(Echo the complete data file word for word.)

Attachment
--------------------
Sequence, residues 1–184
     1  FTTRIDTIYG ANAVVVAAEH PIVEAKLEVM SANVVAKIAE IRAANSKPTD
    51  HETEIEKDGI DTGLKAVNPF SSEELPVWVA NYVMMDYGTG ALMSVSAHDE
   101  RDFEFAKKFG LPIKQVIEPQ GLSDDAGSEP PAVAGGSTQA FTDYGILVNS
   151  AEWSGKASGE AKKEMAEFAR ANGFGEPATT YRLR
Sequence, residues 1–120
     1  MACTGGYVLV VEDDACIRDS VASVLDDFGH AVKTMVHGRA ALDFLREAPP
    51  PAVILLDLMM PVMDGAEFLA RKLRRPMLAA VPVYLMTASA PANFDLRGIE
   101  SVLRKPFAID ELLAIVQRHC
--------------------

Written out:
Sequence, residues 1–184
     1  FTTRIDTIYG ANAVVVAAEH PIVEAKLEVM SANVVAKIAE IRAANSKPTD
    51  HETEIEKDGI DTGLKAVNPF SSEELPVWVA NYVMMDYGTG ALMSVSAHDE
   101  RDFEFAKKFG LPIKQVIEPQ GLSDDAGSEP PAVAGGSTQA FTDYGILVNS
   151  AEWSGKASGE AKKEMAEFAR ANGFGEPATT YRLR
Sequence, residues 1–120
     1  MACTGGYVLV VEDDACIRDS VASVLDDFGH AVKTMVHGRA ALDFLREAPP
    51  PAVILLDLMM PVMDGAEFLA RKLRRPMLAA VPVYLMTASA PANFDLRGIE
   101  SVLRKPFAID ELLAIVQRHC